Survey Design: Hints, Tips and Advice

Designing surveys for children

Quantitative surveys can be used with children aged 7 and above but extra care needs to be taken to ensure that questions are understandable and answerable. The golden rule of considering respondents when constructing questions is even more pertinent for children’s surveys. There is an obvious difference in cognitive ability between adults designing the surveys and children completing them; a…

Should you really be using an email survey?

In today’s research world online surveys via email, conducted using customer lists or dedicated research panels, seem to be the default option. Speed, cost and convenience often mean they are the best route but sometimes alternative data collection methods can be superior. Below are some factors to consider before deciding if an online email questionnaire is right for your survey:  …

Think like a fox: Avoiding the direct approach to questionnaire design

The ancient Greek poet Archilochus was attributed with saying “The fox knows many things, but the hedgehog knows just one big thing”. Hedgehogs move slowly and directly to where they want to go, leaving them vulnerable to death caused by predators and motor vehicles. Foxes, on the other hand, move quickly and tend to dart all over the place looking…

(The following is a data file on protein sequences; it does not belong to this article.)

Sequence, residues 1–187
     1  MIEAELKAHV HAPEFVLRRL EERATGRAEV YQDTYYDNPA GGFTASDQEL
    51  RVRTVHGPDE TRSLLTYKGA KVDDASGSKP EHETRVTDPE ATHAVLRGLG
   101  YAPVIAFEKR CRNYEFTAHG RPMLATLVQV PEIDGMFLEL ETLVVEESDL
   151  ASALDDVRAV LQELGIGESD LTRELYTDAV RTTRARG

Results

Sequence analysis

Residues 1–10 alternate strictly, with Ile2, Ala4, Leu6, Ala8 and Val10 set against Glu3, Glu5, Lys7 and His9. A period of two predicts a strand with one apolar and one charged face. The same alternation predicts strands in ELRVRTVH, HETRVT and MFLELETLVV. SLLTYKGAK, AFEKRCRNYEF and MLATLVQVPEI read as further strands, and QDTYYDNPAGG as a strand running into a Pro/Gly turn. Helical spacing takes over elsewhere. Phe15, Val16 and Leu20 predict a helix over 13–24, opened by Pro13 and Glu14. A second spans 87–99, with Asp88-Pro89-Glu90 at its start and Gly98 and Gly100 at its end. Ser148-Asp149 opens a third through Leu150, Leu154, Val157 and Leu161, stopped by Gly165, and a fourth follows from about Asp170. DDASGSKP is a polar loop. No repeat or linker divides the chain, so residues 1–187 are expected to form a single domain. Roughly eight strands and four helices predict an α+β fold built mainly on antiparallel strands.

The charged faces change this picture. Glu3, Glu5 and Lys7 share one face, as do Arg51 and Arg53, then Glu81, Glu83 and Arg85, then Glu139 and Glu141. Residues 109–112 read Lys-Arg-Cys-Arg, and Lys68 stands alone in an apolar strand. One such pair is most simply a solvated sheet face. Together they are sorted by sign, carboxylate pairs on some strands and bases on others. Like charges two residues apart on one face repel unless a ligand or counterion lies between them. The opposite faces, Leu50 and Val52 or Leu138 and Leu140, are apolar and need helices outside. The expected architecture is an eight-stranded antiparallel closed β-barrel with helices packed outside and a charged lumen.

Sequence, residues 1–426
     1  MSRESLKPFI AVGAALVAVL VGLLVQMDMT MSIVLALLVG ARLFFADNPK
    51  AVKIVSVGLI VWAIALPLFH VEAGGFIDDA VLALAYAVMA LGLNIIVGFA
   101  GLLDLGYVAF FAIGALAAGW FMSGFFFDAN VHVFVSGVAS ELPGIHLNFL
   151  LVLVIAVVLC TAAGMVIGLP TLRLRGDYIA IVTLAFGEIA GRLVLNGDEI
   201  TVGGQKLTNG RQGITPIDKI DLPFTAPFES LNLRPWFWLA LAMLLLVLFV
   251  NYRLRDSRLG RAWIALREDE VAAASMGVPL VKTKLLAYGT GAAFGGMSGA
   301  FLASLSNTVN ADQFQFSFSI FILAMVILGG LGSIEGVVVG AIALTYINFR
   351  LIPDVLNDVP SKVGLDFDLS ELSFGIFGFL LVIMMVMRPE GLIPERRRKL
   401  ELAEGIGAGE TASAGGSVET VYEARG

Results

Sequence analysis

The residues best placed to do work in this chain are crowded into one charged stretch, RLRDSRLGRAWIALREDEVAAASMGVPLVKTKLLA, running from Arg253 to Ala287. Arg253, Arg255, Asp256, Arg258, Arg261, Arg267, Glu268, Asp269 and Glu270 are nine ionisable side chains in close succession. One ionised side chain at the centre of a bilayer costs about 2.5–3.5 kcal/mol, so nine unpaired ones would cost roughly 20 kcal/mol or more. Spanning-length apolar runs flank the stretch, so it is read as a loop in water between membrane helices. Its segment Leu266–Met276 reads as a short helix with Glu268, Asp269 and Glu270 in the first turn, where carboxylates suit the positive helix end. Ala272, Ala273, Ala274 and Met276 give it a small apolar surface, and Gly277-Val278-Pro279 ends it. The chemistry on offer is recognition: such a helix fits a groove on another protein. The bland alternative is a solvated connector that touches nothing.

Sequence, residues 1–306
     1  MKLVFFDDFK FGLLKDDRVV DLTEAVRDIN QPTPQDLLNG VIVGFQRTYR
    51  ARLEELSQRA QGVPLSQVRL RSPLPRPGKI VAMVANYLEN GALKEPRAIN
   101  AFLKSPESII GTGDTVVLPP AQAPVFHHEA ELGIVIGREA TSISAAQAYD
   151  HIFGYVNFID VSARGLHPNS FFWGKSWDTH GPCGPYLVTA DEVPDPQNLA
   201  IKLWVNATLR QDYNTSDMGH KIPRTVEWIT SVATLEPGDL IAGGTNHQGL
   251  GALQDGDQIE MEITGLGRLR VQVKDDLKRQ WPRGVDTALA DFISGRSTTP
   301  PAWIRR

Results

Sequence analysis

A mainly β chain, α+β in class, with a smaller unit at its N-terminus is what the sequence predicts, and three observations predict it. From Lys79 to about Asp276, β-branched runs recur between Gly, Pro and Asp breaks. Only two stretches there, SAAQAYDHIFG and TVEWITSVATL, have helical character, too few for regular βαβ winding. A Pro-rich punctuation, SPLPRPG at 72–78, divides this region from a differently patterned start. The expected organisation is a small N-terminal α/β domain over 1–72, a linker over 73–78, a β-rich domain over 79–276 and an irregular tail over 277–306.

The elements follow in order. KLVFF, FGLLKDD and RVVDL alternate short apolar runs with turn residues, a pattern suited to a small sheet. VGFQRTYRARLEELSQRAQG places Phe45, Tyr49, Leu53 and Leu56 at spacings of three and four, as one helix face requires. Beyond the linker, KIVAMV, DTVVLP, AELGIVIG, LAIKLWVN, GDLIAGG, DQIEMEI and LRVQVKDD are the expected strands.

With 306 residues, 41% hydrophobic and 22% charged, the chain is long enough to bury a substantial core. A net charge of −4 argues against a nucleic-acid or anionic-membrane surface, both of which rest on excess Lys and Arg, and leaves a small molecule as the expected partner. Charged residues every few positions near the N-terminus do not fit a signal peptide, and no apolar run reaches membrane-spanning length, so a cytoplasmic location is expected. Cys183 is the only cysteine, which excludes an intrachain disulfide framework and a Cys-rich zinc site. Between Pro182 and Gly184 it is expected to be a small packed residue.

To pay or not to pay: using "incentives" in survey research

The use of incentives in research is widespread. Respondents frequently receive something in exchange for giving their views. But often the incentive is a relatively small amount of cash. Nobody ever became a millionaire from completing surveys. Increasing the value of incentives is likely to have a marginal impact on the level of survey response i.e. raising an incentive from £1 to…

Getting properly anchored: How to improve the accuracy of respondent estimates

Generally, humans are bad at making estimates without some form of context. If someone asks us how loud something is we can’t articulate our answer any better than saying something vague like “quite loud”. But ask us to compare two noises and we’ll definitely be able to say which one is louder and even give an estimate by how much…

Don’t show question numbers in online surveys

It’s fairly common to see online surveys with numbers in front of the question text (an example is shown below): Question numbers shouldn’t be shown to respondents. They are irrelevant to them and an added complication. If respondents are routed round questions then question numbers can be missed out and respondents can see themselves going from, for example, Q7 to Q12….

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